the orator will often detect both the evil
and its remedy in facts which the litigant regarded
as devoid of all importance, one way or the other.
Further, the advocate who has got to plead the case
should not put such excessive confidence in his
powers of memory as to disdain to jot down what he
Nor should one hearing be regarded as sufficient.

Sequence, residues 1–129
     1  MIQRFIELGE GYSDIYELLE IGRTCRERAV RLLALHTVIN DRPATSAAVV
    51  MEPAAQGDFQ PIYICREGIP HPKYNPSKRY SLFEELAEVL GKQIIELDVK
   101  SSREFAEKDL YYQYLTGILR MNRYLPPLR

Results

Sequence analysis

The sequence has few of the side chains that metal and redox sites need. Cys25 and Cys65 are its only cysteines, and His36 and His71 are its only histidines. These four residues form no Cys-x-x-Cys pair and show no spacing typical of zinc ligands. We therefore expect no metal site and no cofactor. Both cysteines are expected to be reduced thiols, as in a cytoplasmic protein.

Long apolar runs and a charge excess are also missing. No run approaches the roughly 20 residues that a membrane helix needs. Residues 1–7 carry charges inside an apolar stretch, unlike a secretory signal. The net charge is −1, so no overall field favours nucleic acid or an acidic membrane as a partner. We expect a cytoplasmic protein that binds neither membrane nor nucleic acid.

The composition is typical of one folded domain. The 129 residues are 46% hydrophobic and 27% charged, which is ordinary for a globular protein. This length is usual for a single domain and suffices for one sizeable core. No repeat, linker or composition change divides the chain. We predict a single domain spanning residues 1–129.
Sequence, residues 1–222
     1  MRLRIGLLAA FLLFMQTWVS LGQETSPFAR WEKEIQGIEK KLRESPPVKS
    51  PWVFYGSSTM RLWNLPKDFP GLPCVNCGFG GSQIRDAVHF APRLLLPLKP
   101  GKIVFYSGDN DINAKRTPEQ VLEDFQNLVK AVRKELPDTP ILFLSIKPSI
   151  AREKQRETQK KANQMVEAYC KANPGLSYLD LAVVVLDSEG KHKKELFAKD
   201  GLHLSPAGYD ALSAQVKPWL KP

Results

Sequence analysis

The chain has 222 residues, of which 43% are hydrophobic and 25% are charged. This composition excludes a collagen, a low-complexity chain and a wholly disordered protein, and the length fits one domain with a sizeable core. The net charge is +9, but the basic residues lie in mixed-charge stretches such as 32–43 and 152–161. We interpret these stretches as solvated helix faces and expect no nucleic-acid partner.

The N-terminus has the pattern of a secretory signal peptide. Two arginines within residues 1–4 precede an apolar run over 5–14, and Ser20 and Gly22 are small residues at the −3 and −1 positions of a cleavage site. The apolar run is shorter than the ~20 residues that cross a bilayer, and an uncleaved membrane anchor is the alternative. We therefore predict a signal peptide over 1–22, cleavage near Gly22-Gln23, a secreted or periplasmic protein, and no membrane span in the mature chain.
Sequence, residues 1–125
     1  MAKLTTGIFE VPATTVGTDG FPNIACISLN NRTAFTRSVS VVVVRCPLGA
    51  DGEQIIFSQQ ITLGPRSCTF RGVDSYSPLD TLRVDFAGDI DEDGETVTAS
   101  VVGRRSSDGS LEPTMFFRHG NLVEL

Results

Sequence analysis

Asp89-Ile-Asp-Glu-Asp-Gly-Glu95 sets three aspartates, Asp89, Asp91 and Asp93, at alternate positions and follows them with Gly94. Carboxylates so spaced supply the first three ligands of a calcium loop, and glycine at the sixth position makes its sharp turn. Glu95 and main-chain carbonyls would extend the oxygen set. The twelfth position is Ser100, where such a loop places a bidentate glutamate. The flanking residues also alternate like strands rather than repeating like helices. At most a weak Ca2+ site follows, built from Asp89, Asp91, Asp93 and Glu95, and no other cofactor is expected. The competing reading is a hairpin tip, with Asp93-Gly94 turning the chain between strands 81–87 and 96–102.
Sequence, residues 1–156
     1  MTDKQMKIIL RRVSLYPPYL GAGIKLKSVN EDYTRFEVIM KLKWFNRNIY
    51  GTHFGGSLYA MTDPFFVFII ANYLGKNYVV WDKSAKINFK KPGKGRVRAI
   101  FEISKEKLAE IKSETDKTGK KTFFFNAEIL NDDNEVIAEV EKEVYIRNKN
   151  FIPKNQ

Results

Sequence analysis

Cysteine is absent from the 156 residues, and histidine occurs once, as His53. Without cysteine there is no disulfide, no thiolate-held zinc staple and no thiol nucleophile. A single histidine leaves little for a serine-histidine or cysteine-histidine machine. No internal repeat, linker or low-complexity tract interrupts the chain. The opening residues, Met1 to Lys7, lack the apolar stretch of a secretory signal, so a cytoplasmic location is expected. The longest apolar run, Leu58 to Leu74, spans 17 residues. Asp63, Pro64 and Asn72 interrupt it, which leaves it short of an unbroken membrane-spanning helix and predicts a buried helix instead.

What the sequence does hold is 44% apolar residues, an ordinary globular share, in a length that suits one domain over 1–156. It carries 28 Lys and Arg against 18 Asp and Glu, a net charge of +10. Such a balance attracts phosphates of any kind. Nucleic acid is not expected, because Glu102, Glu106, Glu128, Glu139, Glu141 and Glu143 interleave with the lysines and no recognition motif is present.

The litigant should be made to repeat his statements
at least once, not merely because certain points may
have escaped him on the occasion of his first statement, as is extremely likely to happen if, as is often
the case, he is a man of no education, but also that
we may note whether he sticks to what he originally